“Get the net!” cried Grandaddy. “Here he comes! Get him! Get him!”
Lester Bray would shout these words with such enthusiasm, you’d think it was he who’d landed a five-pound bass. But it wasn’t. He was shouting so that one of us grandkids would dutifully – and hurriedly – help a cousin reel in the day’s catch.
Our grandaddy’s excitement about catching big fish made us excited about catching them, too. In fishing, as in all things, he made us feel like our contributions mattered – as if on any given day, in any given moment, we were the most important kids on the planet. He loved us all. Just as importantly, he made us feel loved.
From the moment of his birth on December 20th, 1928 to his last breath on May 27th, 2019, Otis Lester Bray dignified his community, his country, and his world through steadfast service and compassionate leadership.
“After your relationship with God,” he counseled, “what matters most is how you treat others.” This faith-powered, servant-leader mentality was imparted to Lester by his parents, Nellie and Lawrence Bray, who were fixtures of the rural community where he grew up.
The second of three children, Lester came of age in Fayette County, Georgia at a time when modern conveniences were distant fantasies. At age 21, he married Charlotte Butler, a local girl whom he knew from attending New Hope Baptist Church. During 68 years of marriage, Lester and Charlotte were blessed with three daughters, five grandchildren, and one great-grandson.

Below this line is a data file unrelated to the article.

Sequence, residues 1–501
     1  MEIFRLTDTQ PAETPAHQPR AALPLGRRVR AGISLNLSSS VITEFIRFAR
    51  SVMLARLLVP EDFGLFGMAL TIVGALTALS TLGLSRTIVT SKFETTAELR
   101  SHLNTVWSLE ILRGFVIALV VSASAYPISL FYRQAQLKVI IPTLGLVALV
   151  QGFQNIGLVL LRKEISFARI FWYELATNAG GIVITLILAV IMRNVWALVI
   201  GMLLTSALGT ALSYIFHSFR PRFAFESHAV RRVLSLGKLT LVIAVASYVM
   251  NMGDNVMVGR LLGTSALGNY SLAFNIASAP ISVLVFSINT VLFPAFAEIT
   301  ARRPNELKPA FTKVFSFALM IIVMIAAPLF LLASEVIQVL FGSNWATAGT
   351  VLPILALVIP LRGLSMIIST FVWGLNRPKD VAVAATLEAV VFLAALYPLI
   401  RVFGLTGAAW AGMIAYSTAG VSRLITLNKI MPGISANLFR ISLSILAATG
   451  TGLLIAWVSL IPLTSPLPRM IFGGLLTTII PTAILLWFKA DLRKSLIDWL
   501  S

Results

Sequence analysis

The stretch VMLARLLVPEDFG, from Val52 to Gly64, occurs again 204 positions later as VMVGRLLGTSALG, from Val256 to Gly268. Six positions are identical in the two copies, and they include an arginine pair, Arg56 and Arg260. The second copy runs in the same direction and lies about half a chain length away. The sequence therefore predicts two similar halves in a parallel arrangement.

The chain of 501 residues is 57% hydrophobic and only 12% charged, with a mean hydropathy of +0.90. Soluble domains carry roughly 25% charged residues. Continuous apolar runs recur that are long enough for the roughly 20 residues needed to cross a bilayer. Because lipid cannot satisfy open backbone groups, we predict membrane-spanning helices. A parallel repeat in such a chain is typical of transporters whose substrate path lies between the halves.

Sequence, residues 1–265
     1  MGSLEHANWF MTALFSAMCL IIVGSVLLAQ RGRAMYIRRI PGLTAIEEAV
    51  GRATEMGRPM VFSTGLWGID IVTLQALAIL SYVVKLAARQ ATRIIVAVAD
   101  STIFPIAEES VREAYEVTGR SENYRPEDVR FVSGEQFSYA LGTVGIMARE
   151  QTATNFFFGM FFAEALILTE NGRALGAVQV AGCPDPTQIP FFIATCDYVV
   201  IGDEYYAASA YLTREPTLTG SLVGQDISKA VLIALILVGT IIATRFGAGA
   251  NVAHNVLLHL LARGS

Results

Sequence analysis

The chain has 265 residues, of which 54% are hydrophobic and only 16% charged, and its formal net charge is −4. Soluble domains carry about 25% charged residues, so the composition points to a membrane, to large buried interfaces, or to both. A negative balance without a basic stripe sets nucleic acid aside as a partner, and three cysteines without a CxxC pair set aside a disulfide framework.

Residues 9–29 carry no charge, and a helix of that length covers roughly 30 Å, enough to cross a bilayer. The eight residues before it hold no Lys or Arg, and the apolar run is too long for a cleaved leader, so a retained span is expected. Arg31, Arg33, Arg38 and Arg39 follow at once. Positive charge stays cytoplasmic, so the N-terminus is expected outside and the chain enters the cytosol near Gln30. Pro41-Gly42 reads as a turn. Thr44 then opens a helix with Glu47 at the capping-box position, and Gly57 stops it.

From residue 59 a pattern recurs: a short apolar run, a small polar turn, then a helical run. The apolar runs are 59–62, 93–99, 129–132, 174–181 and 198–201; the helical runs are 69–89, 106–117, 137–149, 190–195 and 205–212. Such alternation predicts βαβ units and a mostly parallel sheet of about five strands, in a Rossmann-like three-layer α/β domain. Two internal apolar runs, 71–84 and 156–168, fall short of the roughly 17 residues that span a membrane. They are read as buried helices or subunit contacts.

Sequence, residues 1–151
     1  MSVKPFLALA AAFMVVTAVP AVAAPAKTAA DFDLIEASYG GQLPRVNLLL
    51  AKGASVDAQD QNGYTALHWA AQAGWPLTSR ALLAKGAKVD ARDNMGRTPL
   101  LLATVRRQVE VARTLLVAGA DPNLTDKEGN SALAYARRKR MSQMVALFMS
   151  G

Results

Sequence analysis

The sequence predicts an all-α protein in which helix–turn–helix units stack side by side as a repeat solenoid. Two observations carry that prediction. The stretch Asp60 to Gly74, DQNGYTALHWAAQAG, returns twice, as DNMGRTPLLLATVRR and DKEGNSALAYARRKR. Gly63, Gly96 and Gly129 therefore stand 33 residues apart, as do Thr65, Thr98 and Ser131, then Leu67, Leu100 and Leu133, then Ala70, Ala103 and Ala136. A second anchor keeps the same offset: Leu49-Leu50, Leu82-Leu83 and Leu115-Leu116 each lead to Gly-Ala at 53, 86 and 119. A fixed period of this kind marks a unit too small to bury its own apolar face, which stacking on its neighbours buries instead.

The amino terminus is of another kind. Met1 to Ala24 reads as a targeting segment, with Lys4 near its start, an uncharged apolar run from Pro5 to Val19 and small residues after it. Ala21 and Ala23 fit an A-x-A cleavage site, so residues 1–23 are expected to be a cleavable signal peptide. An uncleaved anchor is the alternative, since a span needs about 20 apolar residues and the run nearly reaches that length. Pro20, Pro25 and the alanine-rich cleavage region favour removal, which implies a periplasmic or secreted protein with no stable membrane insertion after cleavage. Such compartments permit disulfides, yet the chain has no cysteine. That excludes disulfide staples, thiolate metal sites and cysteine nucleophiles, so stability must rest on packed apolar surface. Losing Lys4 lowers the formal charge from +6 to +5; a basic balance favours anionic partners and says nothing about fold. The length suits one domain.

Lester joined the US Air Force during the Korean War and served as a hangar chief. At the conclusion of his service, he began a 42-year career at Delta Air Lines, where he ultimately led the engine shop as Manager of Quality Control.
In spite of familial and professional duties, Lester always found time to help others. Whether it was chopping wood for elderly neighbors, serving as a deacon and finance committee member at New Hope Baptist Church, or using the profits from weekend side jobs to increase his tithe, he lived to serve.
Many people turn inward during retirement, but Lester turned outward. Thanks largely to his leadership, the Fayette County Master Gardener program now produces over 20,000 pounds of produce each year for the sole purpose of distributing fresh food to underprivileged families. An accomplished farmer and gardener, Lester penned a 2017 book, “Plasticulture Farming for Everyone,” and gave away every copy so that a new generation of farmers could learn from his considerable agrarian expertise.
His family already misses the candy-sweet cantaloupes from his garden, the spirited fishing trips he led us on, and the stories and songs he delivered in a deep, soothing bass full of gravel and soil from the Georgia Piedmont he called home.
A visitation will be held from 5:00 to 8:00 PM on Wednesday, May 29th at Carl J. Mowell Funeral Home in Fayetteville. Lester will lie in state at New Hope Baptist Church, North Campus in Fayetteville beginning at 3:00 PM on Thursday, May 30th. His funeral will be held at 4:00 PM on the same day.
In lieu of flowers, Lester’s wife Charlotte requests that donations be made to the New Hope Baptist Church Preschool.
Carl J. Mowell & Son Funeral Home, Fayetteville – www.mowells.com